WITH GRATEFUL HEARTS CELEBRATING 75 YEARS
Excerpts from With Grateful Hearts The Past We Own written by S. Carole Sweely, OSB.
In 1857 there were 57 sisters at the Convent of St. Benedict in St. Joseph, Minnesota. The chief works of these sisters dealt with teaching music, domestic work, needlework, and elementary school teaching. All prayers (with the exception of the Little Office of the Blessed Virgin Mary) were recited in the German language until after World War I. Major superiors were appointed by the abbot or the bishop in the area from 1857 to 1889. St. Benedict’s main focus from 1858 to 1900 was elementary school teaching with secondary and college teaching after 1900.
In 1947, ninety years later, the Benedictine community at St. Joseph, Minnesota, number 1277, staffing elementary schools, secondary schools, a college, hospitals, homes for the aged, and orphanage, Indian missions and mission in Formosa.
A Benedictine monastery, whatever the location, consists of sacred spaces, dreamers with eternal desires, guests who are welcomed as Christ, and events that distinguish monastics as being a school for the Lord’s service. In 1948, with these attributes in mind and at heart, 178 sisters from St. Benedict’s Convent in St. Joseph, Minnesota, chose to establish St. Paul’s Priory at 301 Summit Avenue, one of the oldest and most historical sites in St. Paul, Minnesota. What would motivate 178 sisters to move to a different diocese, seventy-five miles southeast of their Benedictine roots along the Mississippi River to new and uncharted sites? The answers again were varied and yet common: a familiar and to some a more desirable education system, family, and friends in the St. Paul area and the appeal of challenges and adventures of establishing a new priory.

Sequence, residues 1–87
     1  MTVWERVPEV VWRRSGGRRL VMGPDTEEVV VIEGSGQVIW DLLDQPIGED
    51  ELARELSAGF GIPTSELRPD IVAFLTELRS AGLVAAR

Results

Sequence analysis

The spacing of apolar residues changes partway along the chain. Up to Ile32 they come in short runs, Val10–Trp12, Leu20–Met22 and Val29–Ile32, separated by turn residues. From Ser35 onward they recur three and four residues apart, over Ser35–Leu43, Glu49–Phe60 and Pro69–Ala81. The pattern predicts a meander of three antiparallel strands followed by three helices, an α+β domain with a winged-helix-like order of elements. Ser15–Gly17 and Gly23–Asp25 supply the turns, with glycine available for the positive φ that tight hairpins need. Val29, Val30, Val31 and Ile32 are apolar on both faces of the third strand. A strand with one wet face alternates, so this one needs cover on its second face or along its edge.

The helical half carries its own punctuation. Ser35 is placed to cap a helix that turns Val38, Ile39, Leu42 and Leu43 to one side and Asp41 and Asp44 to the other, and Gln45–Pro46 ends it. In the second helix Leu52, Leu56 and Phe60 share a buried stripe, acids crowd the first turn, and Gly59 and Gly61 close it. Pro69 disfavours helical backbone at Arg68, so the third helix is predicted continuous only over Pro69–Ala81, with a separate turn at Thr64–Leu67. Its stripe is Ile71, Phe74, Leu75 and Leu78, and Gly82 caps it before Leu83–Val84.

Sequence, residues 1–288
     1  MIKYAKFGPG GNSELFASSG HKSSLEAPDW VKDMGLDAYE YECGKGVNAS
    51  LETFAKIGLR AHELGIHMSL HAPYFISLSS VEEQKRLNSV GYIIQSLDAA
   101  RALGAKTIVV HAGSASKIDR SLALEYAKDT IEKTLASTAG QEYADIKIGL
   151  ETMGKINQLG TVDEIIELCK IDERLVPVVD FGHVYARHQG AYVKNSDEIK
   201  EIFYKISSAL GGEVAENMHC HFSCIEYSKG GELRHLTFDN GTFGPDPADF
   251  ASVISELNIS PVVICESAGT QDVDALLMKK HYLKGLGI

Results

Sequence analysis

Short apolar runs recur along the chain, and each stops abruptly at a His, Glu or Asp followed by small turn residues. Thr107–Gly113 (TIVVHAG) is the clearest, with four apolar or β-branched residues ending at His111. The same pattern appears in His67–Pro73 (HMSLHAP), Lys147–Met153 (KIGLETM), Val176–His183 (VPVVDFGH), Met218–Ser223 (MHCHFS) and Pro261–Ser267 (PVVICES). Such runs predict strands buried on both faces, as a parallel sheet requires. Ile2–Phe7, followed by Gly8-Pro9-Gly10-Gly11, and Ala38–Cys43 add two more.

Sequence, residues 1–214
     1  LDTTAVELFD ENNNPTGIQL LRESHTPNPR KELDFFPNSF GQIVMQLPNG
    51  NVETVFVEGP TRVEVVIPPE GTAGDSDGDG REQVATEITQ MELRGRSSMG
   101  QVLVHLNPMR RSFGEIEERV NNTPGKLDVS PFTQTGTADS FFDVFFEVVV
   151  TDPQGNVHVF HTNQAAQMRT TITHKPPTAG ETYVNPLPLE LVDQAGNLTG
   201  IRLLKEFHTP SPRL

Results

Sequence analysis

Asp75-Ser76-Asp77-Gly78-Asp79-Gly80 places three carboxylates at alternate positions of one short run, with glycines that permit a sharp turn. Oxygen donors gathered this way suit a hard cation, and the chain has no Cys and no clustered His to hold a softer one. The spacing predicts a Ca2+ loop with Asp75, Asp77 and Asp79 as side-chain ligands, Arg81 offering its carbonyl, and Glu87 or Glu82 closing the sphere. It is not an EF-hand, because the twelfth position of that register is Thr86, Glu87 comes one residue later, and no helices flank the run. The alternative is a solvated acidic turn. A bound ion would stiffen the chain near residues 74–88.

In 1947 with over 1200 sisters at St. Benedict’s, Pope Pius XII perceived it as too large for a Benedictine “family-oriented” community. Mother Rosamond Praschner went to Rome to discuss possibilities of establishing three new foundations to lessen numbers at St. Benedicti’s and to initiate beginnings of the Federation of St. Benedict. In June 1947, 140 sisters had already chosen to establish Annunciation Priory in Bismarck, North Dakota. St. Benedict’s Convent in St. Joseph had appealed to the Sacred Congregation of Religious in Rome for recognition as a pontifical institute and, as a result, in 1947 the sisters were advised to have a minimum of three independent priories inclusive of St. Benedict’s as members of the new congregation.
So, invitations and permissions were sought from local bishops—John Treacy, bishop of LaCrosse and John Gregory Murray, archbishop of St. Paul and Minneapolis. Once proprieties were in order with the clergy, word was sent to all the sisters at St. Benedict’s informing them that these two new foundations were being made and they could choose by January 15, 1948, of which priory they wished to be a part. This initial information was sent in the fall of 1947 with instructions for secrecy—the sisters were not to discuss their choices with others. Reasons for the secrecy were varied: influencing others was a major concern lest too many leave St. Benedict’s at one time and some believed that only the discontented might leave. So, emphasis was put on the positive aspect of the choice—the adventures of establishing a new foundation. As a result, 950 sisters stayed at St. Benedict’s, 178 chose St. Paul, while 83 signed for Eau Claire, Wisconsin. Previously, 140 sisters had chosen to relocated to Annunciation Priory in Bismarck.
Once names were published for the new foundations, search committees were appointed for each site. These committees had varied responsibilities such as contacting the local bishops for sundry permissions, seeking living accommodations for each community, deciding on feasible dates for the move among the charter members and many other items that had to be taken into consideration for a move that involved so many.
Members of the St. Paul committee were: Sisters Loraine Tracy, Alcuin Braun, Adelia Schmidt, Aquina Hartman, and Ottilia Heibel. An initial meeting for the search committee occurred at the Benedictine House of Studies on Summit Avenue in St. Paul on March 11, 1948 at 1:00pm with Mother Rosamond Pratschner present. Sister Aquina was the appointed secretary, Sister Alcuin, treasurer, and Sister Loraine, chair-person.
A second meeting on April 3, 1948 was held when the questionnaires from the 178 sisters were discussed which consisted of summarizing the required needs of the sisters and the staffing of the schools.
This series of memories from With Grateful Hearts The Past We Own will continue monthly throughout the coming 75th anniversary year.